Is this actually achievable?
We can’t deny that we are in the middle of a “crypto wave.” Cryptocurrencies have paved the way for crypto games and crypto art, and now, we might even have a “crypto building.” At least that’s how a real estate project in Argentina, Next Pampa 2.0, has been referred to in some media. But what is a crypto building?
In this case, it can be described as a 24-floor “smart” building with a Bitcoin mining farm in its basement, the objective of which is to generate an income for the building’s operations, allowing it to cover the cost of the edifice’s maintenance and upkeep —and savings its residents the costs of having to do so themselves. The building will also display different pieces of NFT art as decoration in its lobby. These NFT art pieces will belong to members of the committee and homeowners.
Argentina’s crypto building will be located in Belgrano, an exclusive neighborhood in the capital city of Buenos NexAires. It has already been pre-launched, although actual construction is not slated to not start until the second quarter of 2022. It’s been reported that the building will have more than 100 apartments, with either 2, 3, or 4 bedrooms, and many of them have already been pre-sold, with prices of around US$ 2,500 dollars per square meter (about US$ 120,000 dollars for a 2-bedroom apartment).
But taking into account that Bitcoin mining profitability varies along with the cryptocurrency’s value (and Bitcoin is actually in the middle of a slump right now), as well as the cost of energy, will living in a “crypto building” really be as cost-effective as its developers intend?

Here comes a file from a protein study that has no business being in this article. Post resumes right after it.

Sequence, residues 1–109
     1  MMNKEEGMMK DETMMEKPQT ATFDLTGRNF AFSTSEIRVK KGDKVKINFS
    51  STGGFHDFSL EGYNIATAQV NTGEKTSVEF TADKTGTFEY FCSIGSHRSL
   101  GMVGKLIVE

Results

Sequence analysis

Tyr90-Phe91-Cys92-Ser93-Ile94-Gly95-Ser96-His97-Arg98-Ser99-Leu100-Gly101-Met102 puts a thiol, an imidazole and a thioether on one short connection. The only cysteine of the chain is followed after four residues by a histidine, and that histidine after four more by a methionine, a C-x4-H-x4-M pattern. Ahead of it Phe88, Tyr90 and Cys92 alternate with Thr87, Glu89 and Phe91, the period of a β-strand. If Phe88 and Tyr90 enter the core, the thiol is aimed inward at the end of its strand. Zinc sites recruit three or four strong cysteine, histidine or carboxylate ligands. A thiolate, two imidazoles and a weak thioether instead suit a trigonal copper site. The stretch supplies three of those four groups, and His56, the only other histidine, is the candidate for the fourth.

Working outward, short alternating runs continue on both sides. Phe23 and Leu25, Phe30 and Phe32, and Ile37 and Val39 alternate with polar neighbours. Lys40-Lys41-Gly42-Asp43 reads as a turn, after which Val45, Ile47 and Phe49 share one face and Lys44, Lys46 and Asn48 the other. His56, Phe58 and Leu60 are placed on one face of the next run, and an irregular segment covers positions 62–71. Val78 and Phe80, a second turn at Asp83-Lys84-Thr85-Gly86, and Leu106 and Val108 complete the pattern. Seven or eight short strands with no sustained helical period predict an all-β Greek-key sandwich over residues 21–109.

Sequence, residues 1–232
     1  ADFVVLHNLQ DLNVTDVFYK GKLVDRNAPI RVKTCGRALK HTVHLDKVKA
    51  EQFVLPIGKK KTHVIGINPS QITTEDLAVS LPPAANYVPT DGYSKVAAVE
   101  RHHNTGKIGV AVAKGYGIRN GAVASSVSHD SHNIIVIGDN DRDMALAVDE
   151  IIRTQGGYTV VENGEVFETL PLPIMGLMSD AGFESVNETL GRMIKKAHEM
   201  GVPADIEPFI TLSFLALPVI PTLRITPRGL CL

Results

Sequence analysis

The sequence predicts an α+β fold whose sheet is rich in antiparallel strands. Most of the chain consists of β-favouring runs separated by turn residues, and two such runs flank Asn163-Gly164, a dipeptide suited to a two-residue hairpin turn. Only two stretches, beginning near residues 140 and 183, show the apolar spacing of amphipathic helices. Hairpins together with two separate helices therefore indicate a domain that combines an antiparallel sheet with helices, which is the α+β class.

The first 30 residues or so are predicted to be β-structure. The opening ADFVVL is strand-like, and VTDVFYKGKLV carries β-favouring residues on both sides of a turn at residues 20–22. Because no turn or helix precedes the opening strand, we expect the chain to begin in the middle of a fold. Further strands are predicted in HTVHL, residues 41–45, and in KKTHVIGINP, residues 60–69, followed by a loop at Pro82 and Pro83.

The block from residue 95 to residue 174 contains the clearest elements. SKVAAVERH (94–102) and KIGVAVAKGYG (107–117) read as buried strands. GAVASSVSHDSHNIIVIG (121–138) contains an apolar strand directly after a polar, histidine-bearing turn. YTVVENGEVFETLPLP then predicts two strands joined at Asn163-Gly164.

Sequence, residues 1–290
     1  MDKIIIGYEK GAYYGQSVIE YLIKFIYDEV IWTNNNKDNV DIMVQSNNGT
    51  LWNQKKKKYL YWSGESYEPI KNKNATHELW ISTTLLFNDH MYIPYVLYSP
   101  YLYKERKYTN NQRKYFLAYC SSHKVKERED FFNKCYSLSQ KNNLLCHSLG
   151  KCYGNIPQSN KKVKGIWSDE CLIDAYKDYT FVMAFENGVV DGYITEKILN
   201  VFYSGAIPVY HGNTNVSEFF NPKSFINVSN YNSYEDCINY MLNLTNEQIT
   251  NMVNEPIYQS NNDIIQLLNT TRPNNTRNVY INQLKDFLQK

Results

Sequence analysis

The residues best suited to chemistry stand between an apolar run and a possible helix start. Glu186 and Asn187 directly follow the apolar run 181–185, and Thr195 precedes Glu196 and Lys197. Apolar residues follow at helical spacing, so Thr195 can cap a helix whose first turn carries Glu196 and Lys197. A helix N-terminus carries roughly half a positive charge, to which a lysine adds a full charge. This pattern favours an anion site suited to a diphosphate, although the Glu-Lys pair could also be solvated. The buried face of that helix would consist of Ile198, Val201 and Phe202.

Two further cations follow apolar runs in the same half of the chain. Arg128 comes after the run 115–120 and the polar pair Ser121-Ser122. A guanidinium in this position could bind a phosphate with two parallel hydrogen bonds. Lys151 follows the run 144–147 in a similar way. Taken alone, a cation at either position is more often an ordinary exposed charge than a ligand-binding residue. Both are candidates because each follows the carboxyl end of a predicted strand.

Next Pampa 2.0 was created by Newlink Capital, an investment group in Argentina that owns Landium, the real estate agency that is commercializing what’s been called the first “crypto building” in the world.
Damian Lopo, Newlink Capital’s founder and Next Pampa 2.0’s main project developer, explained that the firm is well aware of Bitcoin’s volatility. To deal with this, the plan is to calculate an average price for the Bitcoin over the last 12 months and use that average price to scale the mining farm in a way that theoretically will allow the mining operation to cover 100% of the cost of the building’s expenses.
But in practice, the Bitcoin’s price is likely to keep fluctuating long after the mining farm has been set up. According to Damián Lopo, the best-case scenario is that Bitcoin’s price rises to values that produce a surplus. The surplus could then be distributed among the residents; the crypto building could end up “paying residents” for living in it. “It’s a way of giving back to our customers,” said David Farías, Landium’s CEO, to CryptoPress.
For Damián Lopo, the worst outcomes are that 1) Bitcoin’s price crashes so much that it isn’t possible for Next Pampa 2.0’s mining farm to sustain the building’s own maintenance; and 2) Bitcoin crypto mining gets banned in Argentina.